“If a child feels loved they will try. There’s no science about it.”

Childrens Books on Shelves
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“I don’t know if they are read to or not at home,” Belinda George, a first-year principal at Homer Drive Elementary in Beaumont, Texas, told The Washington Post.

That’s why, each Tuesday at 7:30 p.m, George reads to her students herself. Once a week, she opens Facebook Live on her phone and reads a children’s book in her living room—sometimes she even wears pajamas. As she explained to the Post, she wears pajamas because she says good night to them at the end of the video, and she wants to be “true to what I’m saying.”

George’s “Tucked-in Tuesdays” are available for anyone who visits the school’s Facebook pagethis link opens in a new tab to watch live. Not surprisingly, they’ve become a bit of a sensation.

“Kids will come up to me Wednesday and say, ‘Dr. George, I saw you in your PJs reading!” she said. “They’ll tell me their favorite part of the book.”

Some of her videos have brought in upwards of 2,000 views, with families from all over the country tuning in for George’s dramatic readings delivered live from the forgotten corner of Texas that borders Southern Louisiana.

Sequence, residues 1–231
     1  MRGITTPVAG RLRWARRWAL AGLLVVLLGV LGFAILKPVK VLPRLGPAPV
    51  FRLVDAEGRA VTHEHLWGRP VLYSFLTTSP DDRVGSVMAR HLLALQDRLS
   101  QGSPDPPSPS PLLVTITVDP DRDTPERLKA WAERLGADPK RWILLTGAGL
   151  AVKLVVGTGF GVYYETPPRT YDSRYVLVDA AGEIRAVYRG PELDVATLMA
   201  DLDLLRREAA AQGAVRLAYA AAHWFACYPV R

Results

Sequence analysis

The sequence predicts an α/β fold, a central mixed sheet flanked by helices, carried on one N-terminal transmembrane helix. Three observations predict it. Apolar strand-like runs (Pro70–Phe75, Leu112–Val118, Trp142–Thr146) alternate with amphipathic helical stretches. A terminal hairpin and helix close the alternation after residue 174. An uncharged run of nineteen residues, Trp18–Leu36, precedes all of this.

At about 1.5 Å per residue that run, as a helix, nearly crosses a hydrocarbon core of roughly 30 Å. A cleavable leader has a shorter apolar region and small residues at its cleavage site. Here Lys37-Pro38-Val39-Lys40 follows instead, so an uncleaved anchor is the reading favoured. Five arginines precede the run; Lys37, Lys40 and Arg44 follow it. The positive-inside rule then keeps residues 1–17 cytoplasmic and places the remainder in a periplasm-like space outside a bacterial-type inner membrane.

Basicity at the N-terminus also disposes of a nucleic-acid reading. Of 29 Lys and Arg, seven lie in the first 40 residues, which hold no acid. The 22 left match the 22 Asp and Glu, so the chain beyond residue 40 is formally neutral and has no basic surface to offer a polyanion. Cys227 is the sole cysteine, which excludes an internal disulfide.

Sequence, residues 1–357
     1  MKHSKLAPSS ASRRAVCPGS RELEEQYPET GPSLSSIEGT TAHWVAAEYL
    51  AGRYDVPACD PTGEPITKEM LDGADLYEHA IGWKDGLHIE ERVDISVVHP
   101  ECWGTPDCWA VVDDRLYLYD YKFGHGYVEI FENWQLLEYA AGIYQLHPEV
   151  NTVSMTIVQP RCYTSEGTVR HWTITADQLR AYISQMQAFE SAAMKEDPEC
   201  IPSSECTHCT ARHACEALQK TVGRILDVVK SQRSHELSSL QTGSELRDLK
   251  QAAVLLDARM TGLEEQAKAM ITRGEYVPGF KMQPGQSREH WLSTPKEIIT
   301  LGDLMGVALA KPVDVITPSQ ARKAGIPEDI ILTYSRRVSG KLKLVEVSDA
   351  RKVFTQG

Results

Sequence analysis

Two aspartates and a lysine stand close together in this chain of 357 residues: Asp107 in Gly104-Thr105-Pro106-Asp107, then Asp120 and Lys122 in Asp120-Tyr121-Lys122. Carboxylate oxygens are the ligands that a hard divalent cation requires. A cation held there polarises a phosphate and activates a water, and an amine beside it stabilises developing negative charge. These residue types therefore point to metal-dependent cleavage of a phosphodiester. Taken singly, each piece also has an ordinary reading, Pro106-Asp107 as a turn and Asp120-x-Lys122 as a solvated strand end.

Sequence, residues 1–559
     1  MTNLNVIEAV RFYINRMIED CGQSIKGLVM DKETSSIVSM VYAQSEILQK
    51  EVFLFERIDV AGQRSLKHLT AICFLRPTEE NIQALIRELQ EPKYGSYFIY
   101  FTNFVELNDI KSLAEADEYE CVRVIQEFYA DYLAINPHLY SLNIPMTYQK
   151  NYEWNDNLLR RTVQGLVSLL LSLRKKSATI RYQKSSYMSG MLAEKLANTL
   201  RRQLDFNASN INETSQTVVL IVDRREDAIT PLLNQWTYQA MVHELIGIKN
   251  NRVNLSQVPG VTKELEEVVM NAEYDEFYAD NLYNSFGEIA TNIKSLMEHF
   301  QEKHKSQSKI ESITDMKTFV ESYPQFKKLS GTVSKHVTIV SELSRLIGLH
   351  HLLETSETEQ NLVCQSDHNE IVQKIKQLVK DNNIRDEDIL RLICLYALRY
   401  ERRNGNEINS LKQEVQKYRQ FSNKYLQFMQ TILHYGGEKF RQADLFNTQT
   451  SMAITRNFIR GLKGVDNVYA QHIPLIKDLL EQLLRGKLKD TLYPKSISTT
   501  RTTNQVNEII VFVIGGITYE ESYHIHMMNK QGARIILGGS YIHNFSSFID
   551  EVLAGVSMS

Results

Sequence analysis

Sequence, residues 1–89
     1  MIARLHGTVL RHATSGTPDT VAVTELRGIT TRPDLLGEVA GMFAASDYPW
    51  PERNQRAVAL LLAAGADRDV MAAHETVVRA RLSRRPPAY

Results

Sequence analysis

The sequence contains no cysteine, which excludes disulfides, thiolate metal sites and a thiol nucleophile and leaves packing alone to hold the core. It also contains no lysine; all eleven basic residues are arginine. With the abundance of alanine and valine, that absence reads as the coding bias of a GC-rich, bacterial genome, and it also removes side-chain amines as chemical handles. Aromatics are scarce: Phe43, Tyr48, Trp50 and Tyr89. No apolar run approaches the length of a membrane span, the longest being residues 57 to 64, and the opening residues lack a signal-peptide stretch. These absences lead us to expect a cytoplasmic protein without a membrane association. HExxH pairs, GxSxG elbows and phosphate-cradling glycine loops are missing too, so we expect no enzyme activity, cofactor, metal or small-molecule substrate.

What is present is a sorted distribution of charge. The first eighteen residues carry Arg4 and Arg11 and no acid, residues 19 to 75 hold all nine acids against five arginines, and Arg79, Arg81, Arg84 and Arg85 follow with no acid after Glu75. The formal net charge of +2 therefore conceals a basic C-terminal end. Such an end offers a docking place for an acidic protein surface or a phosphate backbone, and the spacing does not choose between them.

George, who has been doing “Tucked-in Tuesdays” since December, said she does it to keep the relationship strong between home and school. And, of course, because she adores her students.

“The bottom line is I love, love kids. I know if I don’t reach them outside of school, I never reach them in school,” she said to the Post.

Keava Turner, a mother of four, told Beaumont Enterprise this link opens in a new tab that all her children watch George's live stream.

"I love it because all of my children watch it. I have a 14-year-old, a third-grader and first-grader who go to Homer, and my 10-month-old even sits still to watch," Turner said.

According to George, 94% of the school’s 680 students come from “economically disadvantaged” homes. And unfortunately, recent literacy tests showed that just 55% of her third-, fourth- and fifth-graders were reading on or above grade level.

She told the Post that in the year she’s been principal, they’ve already seen growth in literacy.

George, the daughter of a crawfish farmer who was raised along with her five siblings in a three-bedroom trailer in Louisiana, said she knows what it’s like to grow up in a disadvantaged home. And even though she has high expectations, she knows how important it is to meet her students where they are. She makes it a point to pick books that inspire and is not afraid to throw personal anecdotes into her readings.

“If a child feels loved they will try,” George concluded. “There’s no science about it.”